Saturday, May 31, 2014

Fed Up (Brockway)

Tropic Sprockets by Ian Brockway

Fed Up

In what might seem a nutritional horror film claustrophobically envisioned by Roman Polanski and Lars von Trier where M&Ms attack in a deluge, creating a wall of deceptively cheerful but enervating Lego blocks and soda gurgles up in acidic malevolence like the snow depicted in the films "Antichrist" and "Nymphomaniac," here is director Stephanie Soechtig's "Fed Up," specifically about the ubiquity of processed foods and how this amalgamated animal is killing us.

Sugar in all its forms is a white winter queen and childhood obesity is an epidemic.

Brady Kluge is a teen in North Carolina. He is overweight but active and has tried everything. Girls have teased him, wanting Brady to run as he is the fattest in class.

Maggie Valentine is another. She has also tried to lose, exercising compulsively, swimming three times a week, but in vain. Maggie's self esteem is crushed and she often cries. Wesley Randall is yet one more. He is nearly a hundred pounds overweight. Randall has the attitude of a scientist, eerily self aware despite his youth.

All of these kids have sought medical help. The professionals urge dietary changes and exercise, a withdrawal of sugar and fat.

Little helps. One singular teen scarily achieves desperate success by opting for bariatric surgery.

The consensus of the experts depicted in this film are that our government food machine is insidious and very out to get us. Corn syrup is a sucrose lie that changes shape with the ability to assume many forms like a finger licking Lucifer usurping our strength and changing our metabolic processes. A calorie from an almond according to officials cited is not the same as a calorie from a seductive and devilishly labeled Coke or Pepsi. An almond has fiber to break down the sugar, but a soft drink is highly concentrated without fiber. The liquid goes right to the liver and puts all organs in overdrive, furiously producing fat. According to the film, our metabolism and hormone levels become changed with three dangers very possible: obesity, diabetes and cancer.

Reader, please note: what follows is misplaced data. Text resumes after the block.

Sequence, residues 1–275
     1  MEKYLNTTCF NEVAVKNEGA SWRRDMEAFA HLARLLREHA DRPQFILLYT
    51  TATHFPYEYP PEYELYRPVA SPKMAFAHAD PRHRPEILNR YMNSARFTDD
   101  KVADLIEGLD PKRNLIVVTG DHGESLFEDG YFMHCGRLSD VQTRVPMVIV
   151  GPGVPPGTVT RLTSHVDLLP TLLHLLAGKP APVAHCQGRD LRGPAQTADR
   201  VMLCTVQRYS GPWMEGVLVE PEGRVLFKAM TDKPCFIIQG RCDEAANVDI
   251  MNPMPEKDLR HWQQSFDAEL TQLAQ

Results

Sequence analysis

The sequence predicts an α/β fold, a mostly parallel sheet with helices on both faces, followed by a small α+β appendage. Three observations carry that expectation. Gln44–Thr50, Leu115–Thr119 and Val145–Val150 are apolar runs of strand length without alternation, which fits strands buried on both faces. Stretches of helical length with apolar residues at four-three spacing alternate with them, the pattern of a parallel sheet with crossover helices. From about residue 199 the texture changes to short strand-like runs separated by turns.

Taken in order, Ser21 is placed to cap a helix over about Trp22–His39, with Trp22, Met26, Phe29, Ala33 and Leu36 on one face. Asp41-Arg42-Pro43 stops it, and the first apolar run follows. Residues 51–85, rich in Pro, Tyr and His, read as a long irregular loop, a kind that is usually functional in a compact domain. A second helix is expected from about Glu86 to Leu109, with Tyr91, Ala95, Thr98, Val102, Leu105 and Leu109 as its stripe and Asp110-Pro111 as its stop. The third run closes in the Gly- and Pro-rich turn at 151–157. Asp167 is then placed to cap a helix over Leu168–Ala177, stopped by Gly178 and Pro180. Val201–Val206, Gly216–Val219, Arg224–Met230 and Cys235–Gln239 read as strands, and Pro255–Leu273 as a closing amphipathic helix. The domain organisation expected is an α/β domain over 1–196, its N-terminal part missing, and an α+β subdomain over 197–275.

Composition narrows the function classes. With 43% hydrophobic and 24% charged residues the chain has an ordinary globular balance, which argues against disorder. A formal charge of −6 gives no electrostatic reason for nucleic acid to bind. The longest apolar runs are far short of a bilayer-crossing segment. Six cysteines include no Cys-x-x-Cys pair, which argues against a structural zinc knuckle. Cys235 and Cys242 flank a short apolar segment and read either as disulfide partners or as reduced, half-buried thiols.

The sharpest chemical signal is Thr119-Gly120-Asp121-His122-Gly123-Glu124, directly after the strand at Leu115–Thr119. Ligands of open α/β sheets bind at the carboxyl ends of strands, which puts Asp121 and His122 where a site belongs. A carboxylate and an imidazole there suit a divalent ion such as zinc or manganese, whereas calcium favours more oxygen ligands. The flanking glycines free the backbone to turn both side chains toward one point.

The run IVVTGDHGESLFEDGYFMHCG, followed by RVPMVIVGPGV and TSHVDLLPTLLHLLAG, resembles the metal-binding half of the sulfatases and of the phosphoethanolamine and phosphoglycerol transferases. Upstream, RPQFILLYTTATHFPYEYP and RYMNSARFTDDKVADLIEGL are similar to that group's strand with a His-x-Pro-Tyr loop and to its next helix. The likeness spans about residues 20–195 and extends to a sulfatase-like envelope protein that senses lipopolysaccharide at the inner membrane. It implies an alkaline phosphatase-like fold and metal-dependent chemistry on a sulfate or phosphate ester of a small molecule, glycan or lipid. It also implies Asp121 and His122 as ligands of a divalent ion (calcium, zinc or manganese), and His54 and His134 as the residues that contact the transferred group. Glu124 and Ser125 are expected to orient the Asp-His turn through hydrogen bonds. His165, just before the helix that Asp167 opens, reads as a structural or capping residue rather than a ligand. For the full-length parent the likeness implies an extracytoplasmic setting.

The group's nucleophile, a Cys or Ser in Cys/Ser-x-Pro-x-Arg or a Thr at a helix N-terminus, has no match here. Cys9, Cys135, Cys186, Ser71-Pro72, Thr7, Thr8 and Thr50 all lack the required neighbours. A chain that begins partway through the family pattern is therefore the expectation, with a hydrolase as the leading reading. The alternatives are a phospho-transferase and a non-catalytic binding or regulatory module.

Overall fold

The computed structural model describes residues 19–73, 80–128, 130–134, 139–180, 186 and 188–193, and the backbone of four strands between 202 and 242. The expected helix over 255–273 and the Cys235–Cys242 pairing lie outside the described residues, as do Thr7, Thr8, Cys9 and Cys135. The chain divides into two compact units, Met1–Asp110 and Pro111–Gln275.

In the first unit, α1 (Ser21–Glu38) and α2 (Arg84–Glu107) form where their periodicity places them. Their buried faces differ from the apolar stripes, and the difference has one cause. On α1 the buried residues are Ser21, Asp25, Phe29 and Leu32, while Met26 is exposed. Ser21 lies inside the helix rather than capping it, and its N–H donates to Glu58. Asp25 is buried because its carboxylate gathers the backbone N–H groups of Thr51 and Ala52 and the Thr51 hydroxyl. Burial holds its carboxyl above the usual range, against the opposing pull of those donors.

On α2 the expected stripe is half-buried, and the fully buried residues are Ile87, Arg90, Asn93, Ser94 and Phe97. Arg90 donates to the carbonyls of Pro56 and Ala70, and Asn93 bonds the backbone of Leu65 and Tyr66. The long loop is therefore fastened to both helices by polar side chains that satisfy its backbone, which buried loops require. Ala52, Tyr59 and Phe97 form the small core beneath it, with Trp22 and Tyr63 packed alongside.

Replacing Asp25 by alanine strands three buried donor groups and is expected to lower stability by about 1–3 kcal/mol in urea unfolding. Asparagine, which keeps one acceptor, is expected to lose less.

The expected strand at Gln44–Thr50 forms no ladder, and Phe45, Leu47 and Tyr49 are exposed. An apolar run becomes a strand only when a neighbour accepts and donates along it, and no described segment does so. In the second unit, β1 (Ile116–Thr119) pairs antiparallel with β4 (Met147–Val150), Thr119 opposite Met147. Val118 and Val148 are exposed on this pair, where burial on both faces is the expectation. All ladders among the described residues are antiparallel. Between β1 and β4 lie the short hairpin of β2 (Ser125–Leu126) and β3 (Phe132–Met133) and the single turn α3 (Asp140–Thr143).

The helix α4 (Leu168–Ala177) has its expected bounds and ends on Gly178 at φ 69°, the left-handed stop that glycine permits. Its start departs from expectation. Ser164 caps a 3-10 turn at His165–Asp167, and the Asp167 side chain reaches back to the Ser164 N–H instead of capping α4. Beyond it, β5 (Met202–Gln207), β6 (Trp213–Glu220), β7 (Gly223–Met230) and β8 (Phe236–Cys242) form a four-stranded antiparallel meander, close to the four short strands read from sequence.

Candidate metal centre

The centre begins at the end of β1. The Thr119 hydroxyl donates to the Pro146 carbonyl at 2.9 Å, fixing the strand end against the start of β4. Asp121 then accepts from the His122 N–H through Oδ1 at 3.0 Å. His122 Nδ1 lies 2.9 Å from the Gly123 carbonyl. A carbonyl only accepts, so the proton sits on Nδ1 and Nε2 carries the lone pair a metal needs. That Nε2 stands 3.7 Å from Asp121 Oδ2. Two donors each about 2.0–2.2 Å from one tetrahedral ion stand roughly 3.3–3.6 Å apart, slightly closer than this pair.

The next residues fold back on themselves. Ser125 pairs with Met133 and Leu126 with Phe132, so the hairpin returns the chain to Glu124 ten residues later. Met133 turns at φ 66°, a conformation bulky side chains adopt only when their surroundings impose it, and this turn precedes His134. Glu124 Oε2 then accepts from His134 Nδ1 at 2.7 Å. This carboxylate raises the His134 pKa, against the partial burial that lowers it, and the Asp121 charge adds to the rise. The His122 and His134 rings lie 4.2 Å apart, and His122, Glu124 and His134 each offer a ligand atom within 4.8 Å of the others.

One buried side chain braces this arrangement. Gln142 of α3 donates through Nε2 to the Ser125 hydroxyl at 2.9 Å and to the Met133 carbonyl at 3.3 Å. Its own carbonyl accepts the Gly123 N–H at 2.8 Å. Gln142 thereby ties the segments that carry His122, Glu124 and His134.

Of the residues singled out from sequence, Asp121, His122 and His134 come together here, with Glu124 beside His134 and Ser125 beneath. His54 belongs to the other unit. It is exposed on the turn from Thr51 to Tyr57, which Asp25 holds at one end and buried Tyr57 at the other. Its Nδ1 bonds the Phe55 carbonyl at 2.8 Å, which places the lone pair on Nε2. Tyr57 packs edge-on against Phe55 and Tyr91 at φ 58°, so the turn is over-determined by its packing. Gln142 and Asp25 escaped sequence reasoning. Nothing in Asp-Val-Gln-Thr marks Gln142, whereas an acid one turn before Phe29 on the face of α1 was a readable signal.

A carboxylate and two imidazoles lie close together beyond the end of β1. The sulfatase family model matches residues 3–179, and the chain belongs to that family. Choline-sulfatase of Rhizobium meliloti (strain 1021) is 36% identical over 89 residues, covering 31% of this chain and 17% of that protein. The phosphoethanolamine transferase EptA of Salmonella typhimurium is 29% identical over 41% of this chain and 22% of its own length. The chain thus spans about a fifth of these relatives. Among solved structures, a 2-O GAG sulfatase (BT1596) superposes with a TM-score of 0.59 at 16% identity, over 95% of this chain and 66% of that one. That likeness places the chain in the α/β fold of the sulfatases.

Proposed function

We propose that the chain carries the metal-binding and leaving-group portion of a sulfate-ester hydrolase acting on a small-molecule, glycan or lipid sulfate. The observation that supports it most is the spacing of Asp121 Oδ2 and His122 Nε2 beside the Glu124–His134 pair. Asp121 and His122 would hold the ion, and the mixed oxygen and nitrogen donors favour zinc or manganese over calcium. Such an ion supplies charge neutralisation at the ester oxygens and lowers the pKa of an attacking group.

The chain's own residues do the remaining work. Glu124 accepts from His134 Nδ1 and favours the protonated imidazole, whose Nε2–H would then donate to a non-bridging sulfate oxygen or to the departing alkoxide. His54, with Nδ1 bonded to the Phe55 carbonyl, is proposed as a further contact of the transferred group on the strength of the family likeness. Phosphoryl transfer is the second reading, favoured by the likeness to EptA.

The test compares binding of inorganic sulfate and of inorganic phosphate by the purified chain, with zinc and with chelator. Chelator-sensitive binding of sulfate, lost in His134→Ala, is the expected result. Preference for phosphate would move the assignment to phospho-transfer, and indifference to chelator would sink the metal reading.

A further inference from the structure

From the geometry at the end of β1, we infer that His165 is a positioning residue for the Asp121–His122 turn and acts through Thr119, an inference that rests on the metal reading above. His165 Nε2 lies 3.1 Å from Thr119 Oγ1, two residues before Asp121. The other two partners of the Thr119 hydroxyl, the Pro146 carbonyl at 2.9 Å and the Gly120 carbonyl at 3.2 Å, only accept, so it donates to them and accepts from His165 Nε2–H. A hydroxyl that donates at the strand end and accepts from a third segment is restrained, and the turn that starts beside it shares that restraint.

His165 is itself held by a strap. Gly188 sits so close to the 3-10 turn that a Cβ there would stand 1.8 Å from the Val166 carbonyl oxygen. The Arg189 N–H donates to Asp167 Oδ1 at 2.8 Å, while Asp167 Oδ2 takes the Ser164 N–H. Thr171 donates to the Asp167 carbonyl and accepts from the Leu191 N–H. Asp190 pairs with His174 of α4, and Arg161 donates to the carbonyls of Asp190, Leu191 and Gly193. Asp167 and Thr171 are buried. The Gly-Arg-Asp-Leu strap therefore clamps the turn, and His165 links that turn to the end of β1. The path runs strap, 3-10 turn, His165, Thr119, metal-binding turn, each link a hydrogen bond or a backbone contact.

But all was not always gloom and doom. In the mid 1960s, George McGovern helmed a very proactive study, telling of these toxins and suggesting regulations. The industries of meat and sugar banded together to squash the study, deflecting attention away from processed foods and putting it into exercise, diet and personal responsibility.

Walter Cronkite subtly plugged sugar as well as TV shoes not to mention the benevolent attack of cartoons on Saturday morning. The 1970s brought the Pop Art age of sugar, the sinister and sweet.

President Bill Clinton appears, apologetically to his credit, to say he missed an opportunity and underestimated the processed food threat.

The Obama administration while seeming at first to be unabashedly radical in its wanting to impose well needed and stringent restrictions on school lunches, scared the GOP and food lobbyists. The once revolutionary minded Michelle Obama has accepted help from sugar and meat industries and now the emphasis is on the symptom of obesity itself rather than the root cause which is food itself. In the refusal to correctly name our demon, the exorcism is futile, leaving an empty glucose of glossolalia behind.

Journalist and cultural food critic Michael Pollan is the film's priest and rightly so. His message is simple: "Cook. Don't eat processed foods."

But the engine of highly manipulated  food, like our hunger for consumerism, grinds on with a supernatural power. In watching "Fed Up", it is hard not to feel as if we are already submerged by sugar's refined Juggernaut of many faces.

While its true that some of the film borrows from "Super Size Me" in the way the children are metabolically menaced, the constrictive peril is original and daring. We feel the blight.

As a young boy, my dad took me to see Ronald McDonald at a mall. His seemingly yellow suit hit me like a smile.

"Hey, what took you so long! I've been waiting for you."

It was an odd moment due to his familiarity, coupled with the contrast of the bright baggy suit he wore against the gray New Jersey mall.

I hesitated. Perhaps it was not all in summer cheer, maybe he had ulterior motives: to get me indoctrinated, to get me hooked despite time spent in my mom's garden.

In watching "Fed Up" we might not know of a fail safe solution, but in this's technologically tactile, yet abstract age, the path is clear enough.

Let us dare to feel our food.

Write Ian at

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